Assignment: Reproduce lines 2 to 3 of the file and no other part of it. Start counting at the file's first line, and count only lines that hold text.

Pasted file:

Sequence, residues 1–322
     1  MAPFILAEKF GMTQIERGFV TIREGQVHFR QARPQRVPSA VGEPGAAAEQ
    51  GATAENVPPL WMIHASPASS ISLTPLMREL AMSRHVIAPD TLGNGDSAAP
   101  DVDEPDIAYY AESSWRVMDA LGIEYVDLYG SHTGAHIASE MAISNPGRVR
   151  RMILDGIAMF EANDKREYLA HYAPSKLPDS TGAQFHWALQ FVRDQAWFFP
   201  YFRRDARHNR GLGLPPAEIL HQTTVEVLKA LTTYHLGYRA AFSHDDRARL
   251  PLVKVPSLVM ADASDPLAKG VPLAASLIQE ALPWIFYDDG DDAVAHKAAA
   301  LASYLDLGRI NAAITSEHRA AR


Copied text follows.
     1  MAPFILAEKF GMTQIERGFV TIREGQVHFR QARPQRVPSA VGEPGAAAEQ
    51  GATAENVPPL WMIHASPASS ISLTPLMREL AMSRHVIAPD TLGNGDSAAP